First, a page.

Jogging is a thin wrapper around Python's logging functionality to make Django logging easier. It provides a central place to configure all your loggers, a standard location to import loggers, and makes common logging use cases simpler.

With Jogging, you can control the destination, format, and verbosity of logs with fine granularity. Configuring module-level logging is just as easy as configuring logging for specific functions.

To use it, you add a few configurations to, import Jogging's log functions instead of Python's, and then log away like you normally do.

Python's logging module does all the heavy lifting. As a result, you can use Jogging to configure logging for code that already exists. And great care has been taken to make sure logging's power isn't hidden away behind abstractions.


You can grab the latest release (v0.1, released 10/27/09) from the Downloads section.


  1. Add 'jogging' to your INSTALLED_APPS
  2. Add 'jogging.middleware.LoggingMiddleware' to your MIDDLEWARE_CLASSES


Code samples are easier than words, so here's a few of them. These go in


from jogging.handlers import DatabaseHandler
import logging

GLOBAL_LOG_HANDLERS = [DatabaseHandler()] # takes any Handler object that Python's logging takes

Everything INFO and above will get logged to the database.

Note that Jogging doesn't wrap Handlers; they're the same as in logging. This means you can do everything logging.Handler lets you do, and then throw the Handler objects into Jogging.


from jogging.handlers import DatabaseHandler
from logging import StreamHandler
import logging

    # all logs from myapp1 go to the database
    'myapp1': {
        'handler': DatabaseHandler(), # an initialized handler object
        'level': logging.DEBUG,

    # ...except for this one view which will log CRITICAL to stderr
    'myapp1.views.super_important_view': {
        'handler': StreamHandler(),
        'level': logging.CRITICAL,

Only the most specific logger will be matched (i.e. super_important_view() won't log to the database in this example).


from jogging.handlers import DatabaseHandler
from logging import StreamHandler, FileHandler
import logging

    # all logs from myapp1 go to the database
    'myapp1': {
        'handler': DatabaseHandler(),
        'level': logging.DEBUG,

    # this time, we'll have super_important_view log CRITICAL to stderr again, but
    # we'll also have it log everything to the database
    'myapp1.views.super_important_view': {
        'handlers': [
            { 'handler': StreamHandler(), 'level': logging.CRITICAL,
                'format': "%(asctime)-15s %(source): %(message)s %(foo)s" },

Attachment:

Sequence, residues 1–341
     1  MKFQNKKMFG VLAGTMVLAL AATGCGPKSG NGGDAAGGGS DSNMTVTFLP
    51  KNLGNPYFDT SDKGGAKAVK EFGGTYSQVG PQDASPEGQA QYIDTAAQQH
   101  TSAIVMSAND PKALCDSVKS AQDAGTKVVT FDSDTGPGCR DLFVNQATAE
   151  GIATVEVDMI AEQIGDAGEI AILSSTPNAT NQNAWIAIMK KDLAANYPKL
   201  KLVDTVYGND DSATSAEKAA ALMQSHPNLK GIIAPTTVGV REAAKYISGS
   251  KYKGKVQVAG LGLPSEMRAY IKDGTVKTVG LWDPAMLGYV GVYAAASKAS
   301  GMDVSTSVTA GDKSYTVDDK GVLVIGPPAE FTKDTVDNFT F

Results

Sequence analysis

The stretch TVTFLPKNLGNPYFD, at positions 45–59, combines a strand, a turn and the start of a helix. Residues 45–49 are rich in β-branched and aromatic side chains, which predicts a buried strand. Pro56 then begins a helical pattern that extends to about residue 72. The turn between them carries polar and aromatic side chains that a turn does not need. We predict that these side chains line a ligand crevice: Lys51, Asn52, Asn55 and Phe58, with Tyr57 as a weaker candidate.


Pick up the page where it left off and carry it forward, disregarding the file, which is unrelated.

{ 'handler': DatabaseHandler(), 'level': logging.DEBUG },

    # this is the name of a logger that a third party app already logs to.
    # you can configure it just like the others, without breaking anything.
    'simple_example': {
        'handler': StreamHandler(),
        'level': logging.CRITICAL,

The format property on handlers takes the same specifiers as Python's logging, plus some extras:

  • %(source)s is the method that made the logging call.
  • %(foo)s is a parameter passed into the logging call.


from jogging import logging"I'm an info message")
logging.debug(msg="I'm a debug message", foo="bar")

Remember %(foo)s from the 'format' property in the Advanced configuration above? It will be populated with "bar" in the debug call.

Custom Handlers

Logs to the database, so logs are browsable/searchable/filterable in the admin.
Logs to emails.
Coming soon. Append logs to the bottom of the rendered page.


What's the difference between Jogging and django-logging?
Django logging just sets up a single root logger for you. Jogging lets you set up different loggers for different modules. The "basic" configuration above solves the same use case as django-logging.
What's the difference between Jogging and django-db-log?
django-db-log just logs exceptions to the database. It's not for debug or general purpose logging, and doesn't have anything to do with Python's logging module. Jogging comes with a handler called DatabaseHandler that logs exceptions (and anything else you want) to the database just like django-db-log does.
If you can use logging's log functions and still use Jogging, what's the benefit of using Jogging's log functions?
Two reasons: firstly, you get a source variable you can use in your logger's formatter that is populated with the name of the calling function; and secondly, Jogging's log functions pick the right logger for you automatically, so you don't have to worry about whether the logger is already set up.


Much inspiration was taken from Django's logging proposal.

Jogging requires a dictionary, settings.LOGGING, that defines the loggers you want to control through Jogging (by name). Here is how Jogging works:

  1. All loggers are created on server startup from settings.LOGGING (the init code is in the middleware's __init__ function, for lack of a better place). Handlers are added to the loggers as defined, and levels are set.
  2. When your app calls Jogging's log functions, the calling function is matched against the logger names in settings.LOGGING and the most specific logger is chosen. For example, say myproj.myapp.views.func() is the caller; it will match loggers named myproj.myapp.views.func, myproj.myapp.views, myproj.myapp, and myproj. The first (most specific) one that matches will be chosen.
  3. log() is called on the chosen logger, and Python's logging module takes over from here.


List of handlers in Python's logging module:

Format specifiers for Python's logging module:


  • Instantiate handlers outside of (e.g. so the ORM can be used)
  • Create more custom handlers

The name

It's pronounced "yogging" actually -- the "j" is silent.